A new study published May in The Lancet on the nine Millennium Villages in Africa shows the under five mortality rate to be declining three times faster in these villages compared to national rural trends.
In the African Millennium Villages, the mortality rate among children under the age of five dropped by 22% in just three years. This equates to a 32% decrease when compared to similar villages not included in the project.
This findings, which showcased project sites in nine sub Saharan African countries, shows that the under five mortality rate (U5MR) is declining three times faster in the villages compared to national rural trends, a pace reliable to achieve Millennium Development Goal (MDG) Four on child health.
The authors attribute the gains to the effectiveness of an integrated multi sector approach to sustainable development, which has helped increase access to basic medical care, skilled deliveries, greater food security and safer water while reducing rates of malaria, diarrhoea, and other preventable diseases.
The results show that communities in the Millennium Villages are on track to achieve the MDGs by 2015 if this progress can be sustained.
The results also demonstrate that despite widespread doubts at the start of the project, integrated and multi sector strategies can be effectively implemented in impoverished settings in rural Africa.
The progress was achieved through an increase in annual development spending per person in the range of US$ 27 to US$ 116, of which about half came from external donors.
The amount is well within internationally agreed levels of Official Development Assistance (ODA), indicating it is possible to build an integrated, multi sector development program at very low costs.
Households within the Millennium Villages project sites were followed between 2006/07 and 2009/10 to measure the effectiveness of interventions in the health sector.
Such interventions included the construction of clinics, the introduction of free basic healthcare, the distribution of bed nets and immunization campaigns. Interventions were also made in agriculture, nutrition, water and sanitation and infrastructure.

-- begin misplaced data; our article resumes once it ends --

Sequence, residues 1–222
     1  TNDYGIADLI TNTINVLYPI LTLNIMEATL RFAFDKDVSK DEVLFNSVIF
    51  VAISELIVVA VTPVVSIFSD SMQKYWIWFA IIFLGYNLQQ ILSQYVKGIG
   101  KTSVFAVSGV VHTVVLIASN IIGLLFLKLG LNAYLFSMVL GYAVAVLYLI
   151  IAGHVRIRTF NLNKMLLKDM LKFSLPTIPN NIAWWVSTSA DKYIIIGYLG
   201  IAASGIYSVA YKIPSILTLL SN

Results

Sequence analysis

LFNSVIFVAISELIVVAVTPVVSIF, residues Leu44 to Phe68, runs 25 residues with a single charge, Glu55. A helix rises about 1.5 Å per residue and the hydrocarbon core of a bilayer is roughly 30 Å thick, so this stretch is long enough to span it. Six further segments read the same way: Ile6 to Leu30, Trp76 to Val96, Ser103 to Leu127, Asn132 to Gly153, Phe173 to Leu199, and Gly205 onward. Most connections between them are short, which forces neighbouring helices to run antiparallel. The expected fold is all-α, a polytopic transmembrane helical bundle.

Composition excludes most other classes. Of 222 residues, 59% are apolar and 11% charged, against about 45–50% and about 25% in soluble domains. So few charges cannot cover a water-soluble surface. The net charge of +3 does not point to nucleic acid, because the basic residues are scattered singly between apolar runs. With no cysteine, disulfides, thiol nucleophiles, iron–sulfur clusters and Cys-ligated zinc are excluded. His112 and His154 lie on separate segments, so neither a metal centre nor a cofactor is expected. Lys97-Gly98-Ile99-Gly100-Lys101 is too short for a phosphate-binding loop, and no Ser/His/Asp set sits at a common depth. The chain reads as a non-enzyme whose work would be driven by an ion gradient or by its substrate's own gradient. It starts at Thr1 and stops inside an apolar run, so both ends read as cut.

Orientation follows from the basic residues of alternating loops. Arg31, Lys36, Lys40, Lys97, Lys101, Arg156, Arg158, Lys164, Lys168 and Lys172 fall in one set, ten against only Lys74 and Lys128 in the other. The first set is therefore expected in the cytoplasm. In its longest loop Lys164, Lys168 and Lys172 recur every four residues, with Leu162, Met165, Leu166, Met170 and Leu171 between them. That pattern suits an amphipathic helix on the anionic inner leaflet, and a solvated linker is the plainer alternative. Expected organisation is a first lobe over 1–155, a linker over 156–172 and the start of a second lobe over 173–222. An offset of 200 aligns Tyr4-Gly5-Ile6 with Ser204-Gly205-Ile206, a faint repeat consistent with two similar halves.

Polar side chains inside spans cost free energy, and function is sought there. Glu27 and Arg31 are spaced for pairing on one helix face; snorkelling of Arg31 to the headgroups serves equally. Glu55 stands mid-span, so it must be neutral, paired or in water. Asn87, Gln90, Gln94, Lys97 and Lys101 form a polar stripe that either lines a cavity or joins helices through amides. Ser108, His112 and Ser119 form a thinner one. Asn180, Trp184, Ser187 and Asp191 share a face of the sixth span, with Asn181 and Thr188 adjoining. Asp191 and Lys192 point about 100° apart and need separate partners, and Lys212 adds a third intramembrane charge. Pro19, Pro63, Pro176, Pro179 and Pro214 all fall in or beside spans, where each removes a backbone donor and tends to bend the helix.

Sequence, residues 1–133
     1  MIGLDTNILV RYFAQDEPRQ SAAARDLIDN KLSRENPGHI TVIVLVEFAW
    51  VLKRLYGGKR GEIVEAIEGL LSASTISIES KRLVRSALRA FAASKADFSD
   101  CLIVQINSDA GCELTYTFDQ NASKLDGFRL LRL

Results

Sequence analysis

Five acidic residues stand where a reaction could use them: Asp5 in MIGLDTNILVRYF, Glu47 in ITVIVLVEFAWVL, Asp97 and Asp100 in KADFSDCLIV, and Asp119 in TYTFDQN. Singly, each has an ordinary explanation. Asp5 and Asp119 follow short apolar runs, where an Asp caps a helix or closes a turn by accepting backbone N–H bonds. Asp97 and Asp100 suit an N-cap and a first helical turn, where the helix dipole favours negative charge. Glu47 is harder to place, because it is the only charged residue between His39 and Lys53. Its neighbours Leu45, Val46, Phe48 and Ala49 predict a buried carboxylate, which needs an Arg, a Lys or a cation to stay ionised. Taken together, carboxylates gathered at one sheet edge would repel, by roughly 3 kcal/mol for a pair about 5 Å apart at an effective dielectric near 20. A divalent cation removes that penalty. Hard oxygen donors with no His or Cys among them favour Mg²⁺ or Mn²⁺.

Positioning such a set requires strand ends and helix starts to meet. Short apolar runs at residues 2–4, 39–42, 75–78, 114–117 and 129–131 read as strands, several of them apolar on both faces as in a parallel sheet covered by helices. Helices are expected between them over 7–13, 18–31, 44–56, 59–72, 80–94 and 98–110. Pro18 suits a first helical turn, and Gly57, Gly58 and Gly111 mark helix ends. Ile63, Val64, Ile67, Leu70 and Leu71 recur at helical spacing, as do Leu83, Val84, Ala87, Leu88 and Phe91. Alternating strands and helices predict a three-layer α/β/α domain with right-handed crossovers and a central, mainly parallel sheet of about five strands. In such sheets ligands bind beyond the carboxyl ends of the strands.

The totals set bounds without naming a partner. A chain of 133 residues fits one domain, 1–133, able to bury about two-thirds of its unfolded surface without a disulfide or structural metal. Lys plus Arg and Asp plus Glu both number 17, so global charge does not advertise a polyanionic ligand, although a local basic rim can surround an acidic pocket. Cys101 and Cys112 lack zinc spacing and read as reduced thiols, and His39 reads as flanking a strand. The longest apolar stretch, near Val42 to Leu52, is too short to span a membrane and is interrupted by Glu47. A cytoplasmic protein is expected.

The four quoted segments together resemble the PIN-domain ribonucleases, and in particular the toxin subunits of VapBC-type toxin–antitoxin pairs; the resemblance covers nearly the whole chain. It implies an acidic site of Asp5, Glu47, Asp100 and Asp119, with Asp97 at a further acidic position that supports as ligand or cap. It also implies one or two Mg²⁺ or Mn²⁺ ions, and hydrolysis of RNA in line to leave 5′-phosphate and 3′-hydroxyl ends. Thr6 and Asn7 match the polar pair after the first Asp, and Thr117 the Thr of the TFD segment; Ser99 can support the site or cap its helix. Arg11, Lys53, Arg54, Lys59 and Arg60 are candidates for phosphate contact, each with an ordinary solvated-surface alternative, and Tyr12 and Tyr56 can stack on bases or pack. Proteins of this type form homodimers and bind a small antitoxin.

These results were then compared to nearby sites that did not follow the project’s multi sector investment approach.
For this 10 year project, indicators suggest that progress has continued after 2009/10 and the deployment of community health workers, according to the study.
“This demonstrates the feasibility of scaling up basic public health delivery in low income settings,” said Jeffrey Sachs, Director of the Earth Institute and Special Advisor to United Nations Secretary General, Ban Ki-moon, who came up with the Millennium Villages idea.
At least one out of every eight children in sub Saharan Africa dies before their fifth birthday. This rate is roughly 15 times higher than the rate in developed economies. Child deaths on the African continent mainly result from diarrhoea, pneumonia, malaria, and HIV infection, all of which are compounded by under nutrition.
These health conditions are linked to weak and under financed health systems, drug shortages, and health clinic user fees, all of which represent critical obstacles to universal coverage.
The nine countries involved in the study were Ghana, Kenya, Malawi, Mali, Nigeria, Rwanda, Senegal, Tanzania and Uganda.